The transcription factor Nrf2 is confined to the cytoplasm as an inactive complex bound to a repressor molecule called Kelch-like ECH-associated protein 1 (Keap1), which facilitates ubiquitination of Nrf2. Previous studies have demonstrated that proteasome inhibition can upregulate expression of Nrf2 protein to protect cells from oxidative damage [23,24]. Under physiological conditions, Nrf2 is bound to its inhibitor Keap1, which mediates the rapid ubiquitination and subsequent degradation of Nrf2 by the proteasome . Generally, and in response to high ROS production, Nrf2 is freed from Keap1 and translocates to the nucleus to bind to antioxidant-responsive elements (ARE) in the genes encoding antioxidant enzymes, such as superoxide dismutase 1 (SOD1), catalase (CAT), glutathione peroxidase (GPx), heme oxygenase 1 (HO-1), and GSH S-transferase (GST), thus increasing their expression .
Yoh et al.  showed that hyperglycemia increased oxidative and nitrosative stress and accelerated renal injury in Nrf2 knockout mice and that Nrf2 serves as a defense factor against some diabetic complications.
Bardoxolone methyl (also known as “RTA 402” and “CDDO-methyl ester”), which can suppress oxidative stress and inflammation, is an inducer of the Nrf2 pathway. A phase 2 multi-center RCT (BEAM) study in patients with moderate to severe chronic kidney disease (CKD) and type 2 diabetes reported that eGFR was increased (>10 ml/min/1.73 m2) in patients treated with bardoxolone methyl for 24 months . An analysis of secondary endpoints showed that approximately three-quarters of bardoxolone methyl-treated patients experienced at least a 10 percent increase in eGFR, and one-quarter of the patients had an improvement of 50%. Bardoxolone methyl was expected to be the first in class drug for the treatment of DKD. The occurrence of renal events (BEACON) trial study was designed to establish whether bardoxolone methyl slows or prevents progression towards end-stage renal disease (ESRD) . Among patients with type 2 diabetes mellitus and stage 4 CKD, bardoxolone methyl did not reduce the risk of ESRD or death from cardiovascular causes. A higher rate of cardiovascular events occurring with bardoxolone methyl treatment than with the placebo prompted the termination of the trial. We hope for the development of other therapeutic approaches that target Nrf2 in DKD patients.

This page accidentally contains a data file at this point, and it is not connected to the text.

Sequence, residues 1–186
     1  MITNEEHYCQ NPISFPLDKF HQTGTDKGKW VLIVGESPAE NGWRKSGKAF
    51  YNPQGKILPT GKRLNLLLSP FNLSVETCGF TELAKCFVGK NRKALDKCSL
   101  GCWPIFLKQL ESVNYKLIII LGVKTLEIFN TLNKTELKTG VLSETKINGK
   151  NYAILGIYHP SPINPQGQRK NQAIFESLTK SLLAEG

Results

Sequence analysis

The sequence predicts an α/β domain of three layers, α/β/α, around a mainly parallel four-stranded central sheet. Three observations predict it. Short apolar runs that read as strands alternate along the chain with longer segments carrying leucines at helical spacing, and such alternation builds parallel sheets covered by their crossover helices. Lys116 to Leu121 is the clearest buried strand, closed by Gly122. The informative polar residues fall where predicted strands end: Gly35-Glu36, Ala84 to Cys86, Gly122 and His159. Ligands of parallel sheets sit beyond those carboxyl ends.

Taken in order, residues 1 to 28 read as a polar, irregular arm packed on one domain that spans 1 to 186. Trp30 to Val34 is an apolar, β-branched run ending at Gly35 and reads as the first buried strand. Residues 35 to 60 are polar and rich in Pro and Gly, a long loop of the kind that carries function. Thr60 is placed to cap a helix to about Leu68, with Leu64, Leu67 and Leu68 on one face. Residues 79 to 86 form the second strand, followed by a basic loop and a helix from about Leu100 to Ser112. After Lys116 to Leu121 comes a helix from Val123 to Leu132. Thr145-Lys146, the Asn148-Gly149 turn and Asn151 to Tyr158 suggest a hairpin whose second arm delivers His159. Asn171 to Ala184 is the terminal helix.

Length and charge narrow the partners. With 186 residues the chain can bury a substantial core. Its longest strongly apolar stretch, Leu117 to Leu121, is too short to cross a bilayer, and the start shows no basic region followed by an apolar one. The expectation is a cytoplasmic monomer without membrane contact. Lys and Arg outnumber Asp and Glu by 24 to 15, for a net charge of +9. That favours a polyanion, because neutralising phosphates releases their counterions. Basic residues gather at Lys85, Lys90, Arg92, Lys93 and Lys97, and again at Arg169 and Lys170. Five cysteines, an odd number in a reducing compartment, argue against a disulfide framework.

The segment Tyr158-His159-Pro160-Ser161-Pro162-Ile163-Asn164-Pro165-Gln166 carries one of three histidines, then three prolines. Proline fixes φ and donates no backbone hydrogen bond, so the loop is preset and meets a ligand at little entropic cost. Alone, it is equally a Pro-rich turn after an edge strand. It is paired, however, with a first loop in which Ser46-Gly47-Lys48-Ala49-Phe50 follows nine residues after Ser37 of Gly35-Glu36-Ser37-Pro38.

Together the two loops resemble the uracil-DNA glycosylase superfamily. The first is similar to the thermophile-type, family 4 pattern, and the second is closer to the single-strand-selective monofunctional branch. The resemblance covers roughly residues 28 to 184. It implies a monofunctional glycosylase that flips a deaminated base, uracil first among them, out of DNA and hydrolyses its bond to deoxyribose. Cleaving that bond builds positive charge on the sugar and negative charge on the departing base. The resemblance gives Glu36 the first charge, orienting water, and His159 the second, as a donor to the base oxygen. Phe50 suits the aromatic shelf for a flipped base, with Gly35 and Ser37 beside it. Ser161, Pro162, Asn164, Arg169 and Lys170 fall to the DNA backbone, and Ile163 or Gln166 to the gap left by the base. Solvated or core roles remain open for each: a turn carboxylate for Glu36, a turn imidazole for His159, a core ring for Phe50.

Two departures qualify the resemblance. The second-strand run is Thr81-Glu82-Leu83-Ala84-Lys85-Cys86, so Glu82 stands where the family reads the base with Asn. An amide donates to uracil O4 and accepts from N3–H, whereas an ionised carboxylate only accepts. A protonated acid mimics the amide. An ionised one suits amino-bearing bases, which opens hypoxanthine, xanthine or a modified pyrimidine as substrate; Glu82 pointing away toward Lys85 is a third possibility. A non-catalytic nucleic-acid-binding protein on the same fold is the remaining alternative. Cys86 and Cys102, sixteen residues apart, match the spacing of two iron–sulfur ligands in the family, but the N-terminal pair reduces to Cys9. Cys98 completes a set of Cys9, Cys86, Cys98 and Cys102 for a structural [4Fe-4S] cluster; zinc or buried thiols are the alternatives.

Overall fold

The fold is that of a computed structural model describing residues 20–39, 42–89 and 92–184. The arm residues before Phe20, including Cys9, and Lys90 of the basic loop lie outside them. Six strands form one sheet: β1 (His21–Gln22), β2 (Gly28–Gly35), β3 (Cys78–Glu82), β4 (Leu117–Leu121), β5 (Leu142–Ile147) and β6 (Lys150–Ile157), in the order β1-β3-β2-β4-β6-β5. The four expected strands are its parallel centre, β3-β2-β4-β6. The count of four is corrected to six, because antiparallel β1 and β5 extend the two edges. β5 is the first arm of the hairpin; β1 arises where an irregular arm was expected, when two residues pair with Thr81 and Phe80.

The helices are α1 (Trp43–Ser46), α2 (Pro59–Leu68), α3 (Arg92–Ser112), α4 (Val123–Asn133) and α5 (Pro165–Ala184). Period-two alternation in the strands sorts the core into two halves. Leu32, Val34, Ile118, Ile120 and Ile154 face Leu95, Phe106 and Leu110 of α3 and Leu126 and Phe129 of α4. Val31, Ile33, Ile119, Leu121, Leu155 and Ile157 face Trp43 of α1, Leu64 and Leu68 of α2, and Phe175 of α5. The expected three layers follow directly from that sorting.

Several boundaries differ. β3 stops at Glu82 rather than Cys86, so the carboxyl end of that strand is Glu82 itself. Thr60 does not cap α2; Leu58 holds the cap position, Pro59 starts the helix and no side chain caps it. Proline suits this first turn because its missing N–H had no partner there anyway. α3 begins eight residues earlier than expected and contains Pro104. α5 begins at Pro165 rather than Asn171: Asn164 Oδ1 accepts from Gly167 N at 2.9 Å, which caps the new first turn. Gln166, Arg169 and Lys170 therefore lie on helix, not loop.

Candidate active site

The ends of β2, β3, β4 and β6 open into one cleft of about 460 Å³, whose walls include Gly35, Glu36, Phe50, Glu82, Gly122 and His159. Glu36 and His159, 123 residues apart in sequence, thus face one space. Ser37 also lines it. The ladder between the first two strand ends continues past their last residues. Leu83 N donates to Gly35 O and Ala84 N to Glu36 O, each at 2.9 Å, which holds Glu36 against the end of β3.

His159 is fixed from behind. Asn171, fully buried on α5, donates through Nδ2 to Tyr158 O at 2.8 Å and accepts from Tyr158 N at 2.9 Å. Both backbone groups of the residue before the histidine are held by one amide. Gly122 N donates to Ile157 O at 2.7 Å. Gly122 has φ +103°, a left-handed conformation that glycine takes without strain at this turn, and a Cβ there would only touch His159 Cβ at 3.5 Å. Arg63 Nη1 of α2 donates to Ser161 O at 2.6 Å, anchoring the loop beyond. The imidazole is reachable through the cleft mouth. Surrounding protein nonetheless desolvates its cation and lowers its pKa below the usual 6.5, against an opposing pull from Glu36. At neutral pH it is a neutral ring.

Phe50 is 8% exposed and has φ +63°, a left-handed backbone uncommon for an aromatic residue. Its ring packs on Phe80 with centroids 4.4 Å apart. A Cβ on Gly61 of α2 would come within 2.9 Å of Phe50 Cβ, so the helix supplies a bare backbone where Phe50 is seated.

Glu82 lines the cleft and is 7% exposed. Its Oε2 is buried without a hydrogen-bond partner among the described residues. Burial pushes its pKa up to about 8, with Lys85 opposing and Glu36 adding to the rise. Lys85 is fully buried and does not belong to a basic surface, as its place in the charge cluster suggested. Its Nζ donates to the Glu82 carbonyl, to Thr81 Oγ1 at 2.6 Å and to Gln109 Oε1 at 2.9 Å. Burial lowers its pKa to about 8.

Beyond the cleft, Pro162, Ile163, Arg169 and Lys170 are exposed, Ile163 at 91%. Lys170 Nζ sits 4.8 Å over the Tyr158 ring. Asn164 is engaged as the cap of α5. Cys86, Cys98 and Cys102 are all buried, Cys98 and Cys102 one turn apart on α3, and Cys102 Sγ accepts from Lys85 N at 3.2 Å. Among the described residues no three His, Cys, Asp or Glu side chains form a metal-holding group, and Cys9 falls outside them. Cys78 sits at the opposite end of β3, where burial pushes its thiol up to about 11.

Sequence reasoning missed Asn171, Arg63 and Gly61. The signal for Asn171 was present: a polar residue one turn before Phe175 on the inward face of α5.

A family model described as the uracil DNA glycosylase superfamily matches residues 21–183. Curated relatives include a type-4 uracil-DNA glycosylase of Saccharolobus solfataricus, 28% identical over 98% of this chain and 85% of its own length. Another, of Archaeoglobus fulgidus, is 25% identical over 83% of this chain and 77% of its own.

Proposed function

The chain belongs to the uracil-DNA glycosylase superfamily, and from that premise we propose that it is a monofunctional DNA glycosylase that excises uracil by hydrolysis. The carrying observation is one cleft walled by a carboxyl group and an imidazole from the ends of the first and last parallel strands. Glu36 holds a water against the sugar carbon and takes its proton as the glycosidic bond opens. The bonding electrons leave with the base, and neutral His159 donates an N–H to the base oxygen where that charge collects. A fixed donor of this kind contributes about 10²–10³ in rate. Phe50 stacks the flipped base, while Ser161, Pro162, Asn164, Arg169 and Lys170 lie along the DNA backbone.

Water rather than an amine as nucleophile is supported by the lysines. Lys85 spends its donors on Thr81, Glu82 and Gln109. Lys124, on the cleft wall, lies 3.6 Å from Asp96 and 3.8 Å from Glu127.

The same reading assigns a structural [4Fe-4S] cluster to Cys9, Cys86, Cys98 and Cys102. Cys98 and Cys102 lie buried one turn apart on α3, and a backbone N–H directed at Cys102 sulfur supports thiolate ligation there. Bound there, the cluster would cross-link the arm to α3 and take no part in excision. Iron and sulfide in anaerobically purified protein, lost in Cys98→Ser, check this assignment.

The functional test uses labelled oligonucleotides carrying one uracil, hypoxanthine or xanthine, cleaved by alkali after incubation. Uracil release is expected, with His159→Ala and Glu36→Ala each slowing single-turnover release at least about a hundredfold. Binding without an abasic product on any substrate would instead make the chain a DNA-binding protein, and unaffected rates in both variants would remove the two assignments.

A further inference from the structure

The effects of proteasome inhibition on the expression of Nrf2
Previously, Luo et al.  showed that a treatment with a low-dose of MG132, a proteasome inhibitor, can act as a new intervention therapy that can effectively inhibit oxidative stress and the related inflammatory response of the kidneys. They also showed that this provides renoprotection in diabetes-induced rats suffering from nephropathy via the chronic, nontoxic proteasome inhibition (Figure 1). Therapeutic approaches to prevent oxidative stress via the activation of the Nrf2-Keap1 signaling pathway could be effective strategies for maintaining kidney function. Although the precise details should be explored in future studies, these studies provide a theoretical basis for further studying the clinical prevention and treatment of DKD via proteasome inhibition.
Figure 1: Effect of MG132 on renal Nrf2 activation. MG132 upregulates the expression of Nrf2 protein to protect cells from oxidative stress
In recent decades, numerous investigators have made efforts to identify the molecular mechanisms involved in the initiation and progression of DKD, in order to develop new therapeutic strategies. However, end-stage renal disease, due to DKD, continues to increase worldwide. There is an urgent need to identify additional new therapeutic targets for the prevention of DKD. We have provided a perspective on whether UPS is involved in the pathogenesis of DKD, and whether it is an acceptable new therapeutic target. Unfortunately, there have not been many studies published that have focused on UPS in DKD. Finally, future studies will ultimately give us a clearer perspective as to whether UPS should be considered as a novel therapeutic target to halt the progression of DKD.
Conflict of Interests
The authors declare that there is no conflict of interest.
This work was partially supported by grants from the Japan Society for the Promotion of Science awarded to Toshiki Otoda (18K16204).